1920s and very early 1930s, in that it has occurred largely through mergers
and acquisitions. Given the ever-present need for expansion, many of these
mergers and acquisitions were accompanied by new infrastructure invest-
ments, as was the case in the late 1920s and 1930. In addition, however,
some of these ¬rms entered the industry by creating brand new, indepen-
dent power producers.14 A wide variety of companies acquired or created
Chapter 7: Coming Full Circle, 1978“2007 265

electric utility assets in various regions of the world in the 1990s.15
Companies invested individually or, in the case of ˜˜project management™™ in
developing nations, in clusters with networks of both private and govern-
ment participants.
Some of those involved in foreign electric utility investments at the end of
the twentieth century were large multinational ¬rms with familiar names.
A major investor worldwide was ABB Energy Ventures, a subsidiary of ABB
Ltd., created in 1988 by the merger of two long-standing electrical manu-
facturers: the Swedish ASEA and the Swiss Brown, Boveri et Cie. In 1989,
ABB acquired the transmission and distribution assets of the Westinghouse
Electric Corp., another of the venerable names among electrical equipment
manufacturers. By 1999, ABB owned generating plants in Colombia,
China, and the United Kingdom, transmission lines in Argentina, Brazil,
France, Greece, Italy, Kenya, Saudi Arabia, and the United Kingdom and
distribution systems in Georgia (the country) and Kazakhstan. ABB, how-
ever, subsequently divested its nuclear power and power generation busi-
nesses, choosing rather to focus on other business sectors.16 General
Electric Power Systems, a subsidiary of General Electric, made investments
in hydroelectric projects in Australia, Brazil, Canada, Finland, Norway,
and Sweden, but by 2006 did not appear to own and control any foreign
electric utilities or generating assets. GE remains a major provider of power
equipment and services to the industry, as does Siemens, which also in 2006
did not appear to own foreign electric utilities. Notably absent from any
participation was AEG, which became in the 1980s a relatively minor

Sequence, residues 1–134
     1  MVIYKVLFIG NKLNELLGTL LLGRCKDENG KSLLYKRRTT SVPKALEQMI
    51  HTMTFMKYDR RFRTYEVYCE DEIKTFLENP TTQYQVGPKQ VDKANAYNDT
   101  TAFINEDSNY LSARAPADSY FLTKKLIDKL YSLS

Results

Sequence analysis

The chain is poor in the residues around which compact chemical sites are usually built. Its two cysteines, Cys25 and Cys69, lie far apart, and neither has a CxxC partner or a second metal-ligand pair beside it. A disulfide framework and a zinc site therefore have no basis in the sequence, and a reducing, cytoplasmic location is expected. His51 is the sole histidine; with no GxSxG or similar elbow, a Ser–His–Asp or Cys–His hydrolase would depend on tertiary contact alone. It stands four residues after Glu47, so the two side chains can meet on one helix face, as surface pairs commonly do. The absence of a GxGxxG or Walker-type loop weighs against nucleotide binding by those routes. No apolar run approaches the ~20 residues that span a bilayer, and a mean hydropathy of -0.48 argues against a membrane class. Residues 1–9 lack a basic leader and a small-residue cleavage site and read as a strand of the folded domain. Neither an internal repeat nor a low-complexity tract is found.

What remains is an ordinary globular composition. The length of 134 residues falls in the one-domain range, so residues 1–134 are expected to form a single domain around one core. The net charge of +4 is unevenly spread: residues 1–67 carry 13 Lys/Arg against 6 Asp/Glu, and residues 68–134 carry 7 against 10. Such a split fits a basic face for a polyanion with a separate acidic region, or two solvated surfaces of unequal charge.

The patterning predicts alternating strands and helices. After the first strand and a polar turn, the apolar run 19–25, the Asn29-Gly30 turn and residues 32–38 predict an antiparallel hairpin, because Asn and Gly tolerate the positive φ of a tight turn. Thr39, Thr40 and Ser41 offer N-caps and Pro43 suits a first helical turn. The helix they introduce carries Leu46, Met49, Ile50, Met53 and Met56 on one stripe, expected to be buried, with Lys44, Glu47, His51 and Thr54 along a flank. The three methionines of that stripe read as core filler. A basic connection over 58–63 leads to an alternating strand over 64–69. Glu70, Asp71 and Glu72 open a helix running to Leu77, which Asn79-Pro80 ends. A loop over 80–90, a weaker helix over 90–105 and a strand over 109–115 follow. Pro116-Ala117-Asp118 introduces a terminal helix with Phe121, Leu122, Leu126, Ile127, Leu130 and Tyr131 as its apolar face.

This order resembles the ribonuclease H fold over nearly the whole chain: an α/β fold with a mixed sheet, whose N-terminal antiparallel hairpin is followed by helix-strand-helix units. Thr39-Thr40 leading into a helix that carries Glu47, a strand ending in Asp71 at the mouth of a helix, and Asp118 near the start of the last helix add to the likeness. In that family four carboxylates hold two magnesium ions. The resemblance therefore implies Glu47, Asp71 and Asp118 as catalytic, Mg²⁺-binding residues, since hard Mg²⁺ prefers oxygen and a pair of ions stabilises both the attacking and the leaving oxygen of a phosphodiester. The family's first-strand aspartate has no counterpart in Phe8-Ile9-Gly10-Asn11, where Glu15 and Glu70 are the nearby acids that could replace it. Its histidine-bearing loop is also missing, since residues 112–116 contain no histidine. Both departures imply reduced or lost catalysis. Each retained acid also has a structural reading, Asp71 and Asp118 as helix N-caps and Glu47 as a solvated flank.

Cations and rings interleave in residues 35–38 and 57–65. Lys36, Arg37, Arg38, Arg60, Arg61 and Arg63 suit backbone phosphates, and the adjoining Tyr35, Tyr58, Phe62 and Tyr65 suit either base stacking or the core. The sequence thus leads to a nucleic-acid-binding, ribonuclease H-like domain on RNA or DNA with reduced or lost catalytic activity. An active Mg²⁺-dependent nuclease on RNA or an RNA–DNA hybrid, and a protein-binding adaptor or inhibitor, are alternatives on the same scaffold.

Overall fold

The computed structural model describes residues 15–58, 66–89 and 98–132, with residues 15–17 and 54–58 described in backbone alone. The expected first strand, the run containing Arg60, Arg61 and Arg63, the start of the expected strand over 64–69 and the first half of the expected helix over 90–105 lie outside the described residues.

subsidiary of the then DaimlerBenz.17
Among the more active investors in foreign electric utilities were operating
utilities already in the industry, something that was rare in the ¬rst round of
global electri¬cation. Twenty-seven U.S. electric utilities or their subsidiaries
had made direct investments in utilities around the world by the end of the
century. These included many traditional utilities, such as Duke Energy,
Entergy, and Central and South West. There were several U.S. ¬rms that
would come to specialize in ownership of foreign utility assets, including AES
Corp. and Edison Mission Energy, a subsidiary of Edison International
(formerly Southern California Edison). AES™s very rapid rise and recent
setbacks re¬‚ect many of the bene¬ts and perils of foreign ownership of
electric utilities. Founded in 1981, shortly after passage of the Public Utility
Regulatory Policies Act (1978), the company began with the purchase and
construction of domestic generating assets, but it moved aggressively into
foreign countries in the 1990s. The New York Times described AES in 1998
as ˜˜the largest United States-based power plant developer.™™18 In 2000, AES
was operating in twenty-four countries and by 2002 had operations in thirty-
two countries, sometimes under joint agreements, including those with such
traditional U.S. utilities as the Southern Company and Public Service
Enterprise Group (PSEG) in Brazil and sometimes with other foreign utilities,
Global Electri¬cation
266

´
including Tractebel in Northern Ireland and Electricite de France (EDF) in
´
Brazil. AES got into deep ¬nancial trouble shortly after the turn of the mil-
lennium and had to scale back substantially and restructure. Its Latin
American (especially Brazilian) utilities were particularly problematic, but it
also ran into serious dif¬culties in Georgia (where it owned the electricity
system in Tbilisi, its capital), Kazakhstan (where it was forced to agree to
barter arrangements for some cash-strapped large customers), Uganda
(where ˜˜traditional spirits™™ are said to have blocked a $500 million dam
project), and England (where in 2003 it walked away from its Drax power
station in North Yorkshire, having purchased it for US$3 billion in 1999).19
A variety of other U.S. ¬rms entered the foreign electricity market. These
included the oil giant ExxonMobil (with generating assets in Italy and
China20 and plans to enter other countries), Bechtel (Chile and India),
Foster Wheeler (China), Sithe Energies (Australia, Canada, China, Mexico,